We all knew this day would come. With the latest spinoff by Gannett of its extensive newspaper portfolio expected to be completed by the end of 2015, it now appears finance capital has written off the newspaper industry. On some level this was inevitable given the movement of advertising from print to the web, but [...]
|By: DSWright Monday August 11, 2014 8:54 am|
|By: Lisa Derrick Monday April 7, 2014 4:59 pm|
Stripped is a loving and in-depth look at comic strips and the changes they are going through now as more and more newspapers shut down and technology advances. Like so many people, I loved reading the comic strips and cartoons in the papers–it was a huge leap for me as a kid when I went from B.C. and Peanuts to incorporating the Girls in 3-G and Mary Worth in my daily reading. And Doonesbury!! Total eye opener–I learned so much about politics and the world from Doonesbury, about (un)natural history from the Far Side, and about work and romance via Cathy. Not to mention Charles Schultz ruining the ending of Citizen Kane for me in a four panel strip I recall to this day…
|By: brasch Monday August 19, 2013 6:30 pm|
Sen. Diane Feinstein and a horde of members of Congress of both parties want to decide who is and who isn’t a reporter. Sen. Feinstein says a “real” reporter is a “salaried agent of a media company.”
The reason she wants to define what a reporter is or isn’t is because there’s a federal Media Shield Law that protects reporters from revealing their sources. She wants to amend that to take away existing First Amendment protections from anyone not involved in—apparently—salaried establishment media.
|By: Symon Hill Sunday May 26, 2013 1:59 pm|
Nicco Mele is a man who knows the internet. The webmaster for Howard Dean’s presidential campaign in 2004 and the founder of a leading internet strategy firm, his discussion moves between the effect of Twitter on news reporting, Hollywood’s relationship with Netflix and Al Qaeda’s use of YouTube. These are only three of the many examples which make this book so interesting. The big ideas are sustained by engaging anecdotes.
The theme of Mele’s book is the effect of “radical connectivity”, which he describes as “our breathtaking ability to send vast amounts of data instantly, constantly and globally”, thus transforming politics, business and culture.
|By: Laurel Ramseyer Tuesday April 30, 2013 2:55 pm|
Most newspapers leave the dehumanization of transgender people to the trolls in the online comments. But not Cleveland’s Plain Dealer. They bring the sewage right to the surface. Their article about the discovery of the body of a brutally murdered 20 year old African-American woman, C. Acoff, begins with the title “Oddly dressed body found in Olmsted Township pond identified”, and goes downhill from there. Here’s an excerpt:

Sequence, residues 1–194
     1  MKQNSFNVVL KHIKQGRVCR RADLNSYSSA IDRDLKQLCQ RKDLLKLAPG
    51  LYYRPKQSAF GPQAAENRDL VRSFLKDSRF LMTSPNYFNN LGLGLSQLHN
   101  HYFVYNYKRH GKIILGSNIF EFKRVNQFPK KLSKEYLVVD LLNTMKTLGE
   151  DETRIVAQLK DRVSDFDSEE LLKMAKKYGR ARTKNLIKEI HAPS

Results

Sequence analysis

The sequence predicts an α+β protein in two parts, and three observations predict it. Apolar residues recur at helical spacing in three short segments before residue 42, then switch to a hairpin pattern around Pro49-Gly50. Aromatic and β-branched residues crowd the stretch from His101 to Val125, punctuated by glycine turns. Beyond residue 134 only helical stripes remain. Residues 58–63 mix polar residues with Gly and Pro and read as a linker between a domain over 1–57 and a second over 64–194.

|By: brasch Sunday March 3, 2013 8:18 am|
There are innumerable problems in America’s educational systems. One is that the gap between the higher performing students and the lower performing students in all areas (including humanities, arts, and sciences) is increasing. Another is that educational systems, spurred by taxpayers who don’t want higher taxes, have learned not how to effectively cut expenses but have sacrificed education by packing more students into a classroom; almost every study (including the PISA testing) shows a link between class size and educational achievement.
|By: danps Sunday February 24, 2013 10:00 am|
I will admit to having had a snobbish view towards local TV news for most of my adult life. I think it is at least somewhat justified; local TV news frequently has a disreputable whiff. Whether it’s the “if it bleeds, it leads” ethos, sweeps week stunts (this item is in almost all American households AND IT COULD KILL YOUR CHILDREN), large doses of pabulum delivered as News You Can Use, and so on – there is a lot to look down on.
|By: Phoenix Woman Saturday February 2, 2013 6:45 am|
Towards the end of a March 17, 2012 speech at the Left Forum at New York City’s Pace University, Michael Moore made the interesting assertion that, unlike in the United States, Sweden’s newspapers were not only surviving, but thriving. The reason he gave for this was that Swedish newspapers depended more on circulation than advertising for their revenue.
I couldn’t help being intrigued by this, so I decided to do a little digging.
|By: Kevin Gosztola Monday November 5, 2012 3:54 pm|
The major newspaper endorsements indicate the makeover American superpower received when President Barack Obama was elected in 2008 worked. There is unanimous consensus among the top twenty newspapers that endorsed Obama that Obama repaired the image of America that was damaged by two terms of President George W. Bush.
|By: Kevin Gosztola Monday November 5, 2012 11:30 am|
Elections in the United States are a public relations industry. How a campaign convinces a newspaper to respond to its campaign is part of maintaining good relations with the public. Through top newspaper endorsements, one can tell how a campaign has been able to persuade establishment news media that it has the right message for the country, along with a record that is worthy of endorsement.